To want him to jump up just isn't realistic. They've already got like 16 second basemen. You've got Bobby Hill. You've got Freddy Sanchez, who's now on a rehab assignment. You've got Jose Castillo. They shouldn't play these guys? You have to see what Hill can do because he was the return from the Aramis Ramirez trade with the Cubs last summer. If you don't have anything, then fine, that means Keppinger will get his chance eventually. Castillo is young. He made the leap from Double-A to the big leagues this year after one full season in Double-A. If Keppinger keeps hitting, he'll probably move up to Nashville next year, or maybe he'll get a chance to make the team depending on what the Pirates do. He just happens to play a position they have some depth in. But they move guys up there. Sean Burnett is in the rotation. They're giving younger guys the chance. Just because a guy is hitting in Double-A doesn't mean he's ready for the big leagues. Keppinger will get his chance. It does take these guys a little longer because they're not the "big money" guys, as you say, or the highly scouted guys.
Is he a high-Shealing player?
Do you know where Ryan Shealy is? I saw him playing with the Rockies' Pioneer League team and looked like a great plalyer about three years ago. I am surprised I haven't heard his name since then.
I remember Shealy's name as well because last year he was highlighted in the Rockies' organizational preview. And he's still with the Rockies. He's playing for the Tulsa Drillers in the Double-A Texas League. The first baseman is hitting .308 with 12 homers and 41 RBIs, so he's still getting it done. He's had a very good June, hiting .318 with five homers and 14 RBIs. Unfortunately, he plays first base and the Rockies have that Helton guy kind of entrenched there. I don't know if Shealy will end up being traded or if he can play the outfield (he's only played first base). But you don't worry about that until he's ready for the big leagues.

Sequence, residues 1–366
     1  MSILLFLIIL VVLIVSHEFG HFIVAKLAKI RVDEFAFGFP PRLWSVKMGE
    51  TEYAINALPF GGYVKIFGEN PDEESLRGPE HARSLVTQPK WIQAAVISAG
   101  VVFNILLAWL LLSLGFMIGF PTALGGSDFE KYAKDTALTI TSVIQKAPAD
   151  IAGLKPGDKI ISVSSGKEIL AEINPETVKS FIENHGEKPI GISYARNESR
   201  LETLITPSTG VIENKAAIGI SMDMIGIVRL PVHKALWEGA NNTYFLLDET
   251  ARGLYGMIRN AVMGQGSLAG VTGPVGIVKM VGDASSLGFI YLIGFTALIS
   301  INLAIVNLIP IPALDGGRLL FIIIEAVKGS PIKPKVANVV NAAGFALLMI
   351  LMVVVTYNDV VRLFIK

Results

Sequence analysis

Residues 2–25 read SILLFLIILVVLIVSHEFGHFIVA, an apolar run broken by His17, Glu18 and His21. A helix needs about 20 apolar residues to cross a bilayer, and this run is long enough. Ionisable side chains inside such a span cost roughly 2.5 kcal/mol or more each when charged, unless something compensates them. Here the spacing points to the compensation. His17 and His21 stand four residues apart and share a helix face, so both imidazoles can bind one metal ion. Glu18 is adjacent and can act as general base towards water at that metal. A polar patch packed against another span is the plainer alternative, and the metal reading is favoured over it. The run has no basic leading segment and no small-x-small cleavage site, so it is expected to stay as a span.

He's 6-foot-5, 240 pounds, so this is a guy who should hit for power and he has throughout the minors. He's surprised some people as an 11th-round pick in 2002, starting with that season in the Pioneer League, when he hit .368 with 19 homers and 70 RBIs with Casper. He jumped all the way to high-A in 2003, where he hit .299 with 14 homers and 73 RBIs. He's a good on-base guy as well. He's following a good career path.
That's it for this installment of Mayo's Minors Mailbag. Be sure to get your questions in for the next installment soon.
Jonathan Mayo is a reporter for MLB.com. This story was not subject to the approval of Major League Baseball or its clubs.